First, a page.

Moving to Canberra
Canberra is the capital city of the Australian Capital Territory (ACT) and the national capital of Australia. Canberra enjoys a subtropical highland climate, with January being the warmest month averaging 28 °C and July being the coldest averaging 11 °C.
As a planned city, Canberra is an ideal place to relocate to and work in. It is planned to fit with modern society, making everything easily accessible to its residents. Canberra prides itself with remarkable natural features like the Brindabella mountains and the man-made Lake Burley Griffin.
Living in Canberra Guide
Are you thinking about moving to Canberra? If you are, here are some of the things that you have to take into consideration:
Housing and Rental
Average monthly household rental payment – A$1,629
Average monthly household mortgage payment – A$2,178
Meal (inexpensive restaurant) – A$20.00
Fast food hamburger menu – A$10.00
Mineral Water- A$2.86
Lettuce – A$2.64
Eggs (12) – A$4.84
Local Cheese (454g)- AU$3.59
Bread (454g) – A$2.55
Apples (454g) – A$2.01
Milk (3.79L) – A$6.09
Cold medicine (6 days) – A$8
1 box of antibiotics (12 doses) – A$19
Toothpaste (120g) – A$3.40
4 rolls of toilet paper – A$3.39
Hair shampoo 2-in-1 (200ml) – A$3.78
Deodorant (50ml, roll-on) – A$5.45
Majority of the employment opportunities in Canberra are in the Public Administration and Safety industry. Compared to the previous years, those who work in the utility and support services industry have increased in number. There are several job opportunities for those who are interested in the professional/scientific/technical services, administrative/support services, and electricity/gas/water/waste services.
Canberra has more than 130 schools and most of them are government schools. The city also has several Catholic and independent schools. If you’re relocating to Canberra with your children, it won’t be hard for you to find a new school they can attend. The schools in the city provide modern, well-equipped facilities to support the students in every learning stage.
Canberra has plenty of national museums and national monuments that residents and tourists can visit to learn more about the city’s rich culture and history. Some of the commonwealth buildings, such as the Royal Australian Mint and the Parliament House, are open to the public.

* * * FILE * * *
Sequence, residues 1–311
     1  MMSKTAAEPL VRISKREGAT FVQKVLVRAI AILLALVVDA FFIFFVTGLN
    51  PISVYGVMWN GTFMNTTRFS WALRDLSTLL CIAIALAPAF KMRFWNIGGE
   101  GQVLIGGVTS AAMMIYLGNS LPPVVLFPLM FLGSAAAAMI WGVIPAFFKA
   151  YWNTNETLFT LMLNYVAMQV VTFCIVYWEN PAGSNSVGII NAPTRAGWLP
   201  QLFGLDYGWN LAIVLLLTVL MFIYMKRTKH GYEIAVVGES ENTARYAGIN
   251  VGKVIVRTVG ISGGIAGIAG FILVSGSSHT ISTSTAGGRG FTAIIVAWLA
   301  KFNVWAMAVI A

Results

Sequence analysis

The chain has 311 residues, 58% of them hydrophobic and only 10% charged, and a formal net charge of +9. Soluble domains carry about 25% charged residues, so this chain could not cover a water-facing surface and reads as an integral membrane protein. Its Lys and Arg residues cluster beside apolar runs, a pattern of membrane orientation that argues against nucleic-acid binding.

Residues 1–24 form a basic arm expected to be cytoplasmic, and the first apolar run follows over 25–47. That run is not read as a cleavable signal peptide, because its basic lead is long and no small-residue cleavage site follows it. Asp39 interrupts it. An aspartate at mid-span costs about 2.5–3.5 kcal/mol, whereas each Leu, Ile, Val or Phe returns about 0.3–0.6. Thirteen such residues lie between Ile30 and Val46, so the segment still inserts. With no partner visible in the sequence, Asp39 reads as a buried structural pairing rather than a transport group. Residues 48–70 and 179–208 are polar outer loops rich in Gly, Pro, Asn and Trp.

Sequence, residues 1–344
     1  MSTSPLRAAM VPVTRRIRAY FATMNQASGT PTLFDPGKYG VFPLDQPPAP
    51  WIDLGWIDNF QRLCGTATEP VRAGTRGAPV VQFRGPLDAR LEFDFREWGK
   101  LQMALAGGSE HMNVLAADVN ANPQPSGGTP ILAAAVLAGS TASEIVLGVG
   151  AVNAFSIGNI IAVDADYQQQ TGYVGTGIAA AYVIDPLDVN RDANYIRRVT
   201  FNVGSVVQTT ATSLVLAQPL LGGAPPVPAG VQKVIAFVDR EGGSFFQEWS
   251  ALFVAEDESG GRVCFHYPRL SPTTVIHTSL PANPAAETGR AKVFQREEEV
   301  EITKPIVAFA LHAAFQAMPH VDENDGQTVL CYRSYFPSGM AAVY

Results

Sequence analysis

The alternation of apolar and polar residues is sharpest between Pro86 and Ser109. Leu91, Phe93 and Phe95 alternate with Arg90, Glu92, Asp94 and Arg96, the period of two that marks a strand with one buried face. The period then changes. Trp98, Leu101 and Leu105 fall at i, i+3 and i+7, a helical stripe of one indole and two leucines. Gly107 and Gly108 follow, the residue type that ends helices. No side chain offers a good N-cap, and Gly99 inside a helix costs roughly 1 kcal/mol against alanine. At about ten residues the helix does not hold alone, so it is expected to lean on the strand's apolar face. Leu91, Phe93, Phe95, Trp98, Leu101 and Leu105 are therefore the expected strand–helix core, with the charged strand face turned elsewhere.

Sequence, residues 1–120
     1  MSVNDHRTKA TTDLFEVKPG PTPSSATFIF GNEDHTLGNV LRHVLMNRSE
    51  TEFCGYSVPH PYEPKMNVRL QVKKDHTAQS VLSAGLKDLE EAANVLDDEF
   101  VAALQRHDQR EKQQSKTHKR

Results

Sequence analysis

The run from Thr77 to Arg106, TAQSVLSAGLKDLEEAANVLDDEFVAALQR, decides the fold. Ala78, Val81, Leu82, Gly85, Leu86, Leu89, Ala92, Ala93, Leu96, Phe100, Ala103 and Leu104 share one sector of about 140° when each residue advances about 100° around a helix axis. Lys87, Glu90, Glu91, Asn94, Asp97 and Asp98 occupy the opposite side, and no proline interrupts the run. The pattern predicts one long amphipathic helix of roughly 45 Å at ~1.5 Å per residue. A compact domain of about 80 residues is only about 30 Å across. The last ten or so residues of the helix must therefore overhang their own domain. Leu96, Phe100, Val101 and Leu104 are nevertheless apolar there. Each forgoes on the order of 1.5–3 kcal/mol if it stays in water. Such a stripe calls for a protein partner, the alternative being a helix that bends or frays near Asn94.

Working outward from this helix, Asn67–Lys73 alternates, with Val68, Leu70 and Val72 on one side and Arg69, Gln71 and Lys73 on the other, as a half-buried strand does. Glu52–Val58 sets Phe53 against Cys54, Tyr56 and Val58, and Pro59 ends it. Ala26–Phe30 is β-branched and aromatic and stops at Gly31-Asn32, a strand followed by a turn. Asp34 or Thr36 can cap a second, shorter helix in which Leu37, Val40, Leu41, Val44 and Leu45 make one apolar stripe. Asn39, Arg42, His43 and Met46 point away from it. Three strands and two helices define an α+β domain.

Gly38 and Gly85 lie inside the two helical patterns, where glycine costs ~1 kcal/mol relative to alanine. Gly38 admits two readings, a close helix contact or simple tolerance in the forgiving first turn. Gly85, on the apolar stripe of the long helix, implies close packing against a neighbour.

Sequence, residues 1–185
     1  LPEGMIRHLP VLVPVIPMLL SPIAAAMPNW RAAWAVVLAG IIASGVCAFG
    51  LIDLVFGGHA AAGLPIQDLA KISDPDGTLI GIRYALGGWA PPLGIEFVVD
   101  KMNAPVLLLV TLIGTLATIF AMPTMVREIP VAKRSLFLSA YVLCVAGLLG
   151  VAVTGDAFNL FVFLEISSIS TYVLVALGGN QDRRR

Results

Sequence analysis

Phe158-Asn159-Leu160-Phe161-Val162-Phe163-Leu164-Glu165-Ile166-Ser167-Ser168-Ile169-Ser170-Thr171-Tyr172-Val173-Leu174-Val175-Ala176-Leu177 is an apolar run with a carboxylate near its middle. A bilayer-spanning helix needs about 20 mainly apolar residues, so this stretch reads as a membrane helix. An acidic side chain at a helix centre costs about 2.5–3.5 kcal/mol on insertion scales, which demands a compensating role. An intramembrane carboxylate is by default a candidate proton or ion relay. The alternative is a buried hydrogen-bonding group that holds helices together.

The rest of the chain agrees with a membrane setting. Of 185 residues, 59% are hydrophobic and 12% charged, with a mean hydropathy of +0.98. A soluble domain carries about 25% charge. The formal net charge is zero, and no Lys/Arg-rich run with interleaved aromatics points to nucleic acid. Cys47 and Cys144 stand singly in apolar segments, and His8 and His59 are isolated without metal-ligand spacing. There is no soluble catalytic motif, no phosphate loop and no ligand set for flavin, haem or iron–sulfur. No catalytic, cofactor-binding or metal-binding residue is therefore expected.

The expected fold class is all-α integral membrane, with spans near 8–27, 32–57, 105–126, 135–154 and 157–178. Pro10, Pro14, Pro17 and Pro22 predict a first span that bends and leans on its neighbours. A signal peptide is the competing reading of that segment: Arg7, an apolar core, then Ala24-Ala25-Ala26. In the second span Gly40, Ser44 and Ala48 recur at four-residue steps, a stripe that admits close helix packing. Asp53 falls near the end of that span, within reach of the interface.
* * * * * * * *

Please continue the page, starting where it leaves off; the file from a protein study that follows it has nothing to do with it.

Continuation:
- Australian War Memorial
Established in 1941, the Australian War Memorial is one of the most significant war memorials in the world. The memorial features an extensive collection of artwork, records, and relics that portray the qualities and the life of Australian servicemen and women who lost their lives during the conflict, and in other peacekeeping operations.
The memorial has three most popular sections, the Commemorative Area, the Hall of Memory, and the Pool of Remembrance. Visitors are also invited to attend the Last Post Ceremony held at the Commemorative Area before the Museum closes. During the event, the story of one serviceman or women, chosen from the 102,815 individuals whose names are included on the Roll of Honour, is narrated to the audience.
- National Gallery of Australia
Home to more than 155,000 artworks, the National Gallery of Australia is one of the largest art museums in Australia. The museum has a vast art collection including, Australian art, Western art, Eastern art, Modern art, Pacific arts, photography, crafts, and a sculpture garden.
The Collection Study Room and the Library can be accessed by individuals who book special tours. These areas provide public access to research and pieces of art that are not currently on display in the galleries. The tours can be booked by individuals performing various research related to the different kinds of arts.
- Royal Australian Mint
Opened in 1965, the Royal Australian Mint is the only producer of all circulating coins in Australia. It is also the first Australian Mint that is not a branch of the Royal Mint in London. Aside from producing Australia’s legal coins, the mint also offers guided tours for its visitors.
A tour inside the mint offers a unique experience for its visitors. The free tours will take guests to the factory viewing area to watch how the coins are made. The mint also has an extensive collection of significant coins. There are also interactive touchscreens and videos which explain the coin making process and the history of coins.
- Mount Ainslie Lookout
Mount Ainslie is a hill with an elevation measured at 843 metres and is located in the northeastern suburbs of Canberra in the Australian Capital Territory (ACT). Its lookout offers the best panoramic view of Canberra and nearby mountain ranges. Some of the city’s national attractions and tourist destinations are also visible from Mount Ainslie. The Mount Ainslie Lookout has a walking trail known as the Mount Ainslie Kokoda Summit trail. The trail is paved and has a few well-maintained stops. Along the way you will see several plaques to commemorate the battles fought in Papua New Guinea’s Kokoda trail during World War II. If walking isn’t your thing, you may choose to drive or cycle to the lookout. The scenery is particularly impressive at sunrise or sunset.
- National Zoo and Aquarium
The National Zoo and Aquarium located in Australia’s capital city is a 19-hectare zoo and aquarium. The Zoo houses several Australian endemic and introduced species including, blackbuck, wapiti elk, common marmoset, Tasmanian devil, white lion, white rhinoceros, cotton-top tamarin and red panda.
Aside from various animal encounters, the Zoo has several family-friendly facilities where visitors can rest and eat. The Zoo has a playground, a picnic area, and some function areas that are ideal for family gatherings and get-togethers, especially when there are children involved.
One way ticket (local transport) – A$4.80
Monthly Pass – A$86.96
Taxi Start (Normal Tariff) – A$5.00
Gasoline (1 gal.) – A$5.81